UPDATE: (CONNECTION TO CLASS) I liked the article because it explained all of the information that we learned in class in a condensed, easy to read format. Reading the article explained the differences between heliocentric and geocentric models, and how these discoveries gave way to Kepler’s and Newton’s theories of planetary motion and gravity.

A Newly Accepted Model


The fourth conceptual objective, I can describe how the heliocentric model of the solar system was developed and why it was adopted over the geometric model of the universe, has been discussed frequently in class. In class, we discussed and eventually came to the realization that the “Earth circles the Sun”. Prior to this belief, many philosophers, scientists and astronomers believed that the Earth was at the center, otherwise known as the geocentric belief. This conceptual objective goes into depth about factors that dispute the geocentric belief. As time went on, more evidence surfaced that supported the heliocentric theory. These findings ultimately dismissed the geocentric theory. The philosopher most known for believing that the Earth was at the center of the universe was perhaps, Aristotle. Eventually, Copernicus came along and proposed that the sun was, in fact, at the center of the solar system. Other discussion topics in class included retrograde motion. Retrograde motion played a big role in supporting the heliocentric theory. As defined in class, retrograde motion is when the Earth overtakes the slower moving outer planets, causing the planets to appear to move backward compared to the background stars. The article I chose, “The Copernican Model: A Sun-Centered Solar System”, discusses the events leading up to Copernicus’ new model and how it was eventually adopted. This article closely relates to the fourth conceptual objective. The Earth was believed to be at the center of the universe for nearly 2000 years. In the 16th century, near the time of his death, Nicolai Copernicus proposed the new idea of the heliocentric system. The Copernican system led to a simple explanation for varying brightness of the planets and retrograde motion. These occurrences could not be explained under the geocentric system. In class we discussed Epicycles. This article clearly demonstrates this concept. Uniform circular motion was often used to describe planets and was assumed to be likely for all planets. Planets, instead of orbiting circular, orbit in ellipses. However, the Copernican system did require fewer epicycles because it moved the Sun to the center of the solar system. The article then continues to support the Copernican system and refute the geocentric system. This article is very comparable to what we exercised in class regarding retrograde motion and the heliocentric model. This article has made this objective more clear to me. The information presented in this article is listed precisely in a way that is easy to understand. The clearness of this article is great because this concept/objective can be difficult to comprehend for some.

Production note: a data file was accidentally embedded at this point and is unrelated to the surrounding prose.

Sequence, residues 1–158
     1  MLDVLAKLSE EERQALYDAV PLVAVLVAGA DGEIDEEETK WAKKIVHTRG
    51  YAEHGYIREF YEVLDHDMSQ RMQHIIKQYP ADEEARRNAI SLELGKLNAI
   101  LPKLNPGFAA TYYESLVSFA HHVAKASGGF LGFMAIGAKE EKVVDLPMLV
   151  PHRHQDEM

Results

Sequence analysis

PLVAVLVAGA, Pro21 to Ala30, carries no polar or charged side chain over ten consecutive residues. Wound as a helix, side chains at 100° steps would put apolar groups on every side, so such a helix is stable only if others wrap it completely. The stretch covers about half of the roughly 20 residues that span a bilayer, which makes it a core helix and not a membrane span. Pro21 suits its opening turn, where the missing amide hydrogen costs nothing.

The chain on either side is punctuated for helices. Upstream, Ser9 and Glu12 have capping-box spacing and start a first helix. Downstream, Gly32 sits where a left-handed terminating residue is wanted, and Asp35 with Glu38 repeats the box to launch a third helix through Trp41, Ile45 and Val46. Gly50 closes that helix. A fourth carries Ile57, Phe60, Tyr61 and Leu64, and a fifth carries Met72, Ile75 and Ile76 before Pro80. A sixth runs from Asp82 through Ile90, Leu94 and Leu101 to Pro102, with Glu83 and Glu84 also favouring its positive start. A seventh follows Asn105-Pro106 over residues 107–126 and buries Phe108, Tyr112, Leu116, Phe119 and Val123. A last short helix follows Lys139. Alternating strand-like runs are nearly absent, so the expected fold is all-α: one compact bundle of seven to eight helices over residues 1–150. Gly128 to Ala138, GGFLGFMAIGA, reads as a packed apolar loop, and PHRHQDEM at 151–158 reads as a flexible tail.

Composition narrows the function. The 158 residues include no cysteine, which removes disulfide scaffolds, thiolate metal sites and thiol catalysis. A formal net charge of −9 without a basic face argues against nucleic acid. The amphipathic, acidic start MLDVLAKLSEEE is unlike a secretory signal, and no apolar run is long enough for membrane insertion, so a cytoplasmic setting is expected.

Image result for copernican model retrograde motion